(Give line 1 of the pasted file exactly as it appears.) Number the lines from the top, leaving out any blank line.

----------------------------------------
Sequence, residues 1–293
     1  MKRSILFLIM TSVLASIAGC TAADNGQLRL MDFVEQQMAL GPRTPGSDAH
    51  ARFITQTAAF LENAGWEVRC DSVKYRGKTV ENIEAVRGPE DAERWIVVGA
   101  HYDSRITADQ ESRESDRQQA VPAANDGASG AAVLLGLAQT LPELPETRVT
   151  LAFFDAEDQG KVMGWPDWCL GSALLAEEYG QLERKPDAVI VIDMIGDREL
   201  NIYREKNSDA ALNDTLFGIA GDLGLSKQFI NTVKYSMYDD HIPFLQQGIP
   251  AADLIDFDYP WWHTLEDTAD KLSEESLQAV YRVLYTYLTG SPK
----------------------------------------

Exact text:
Sequence, residues 1–293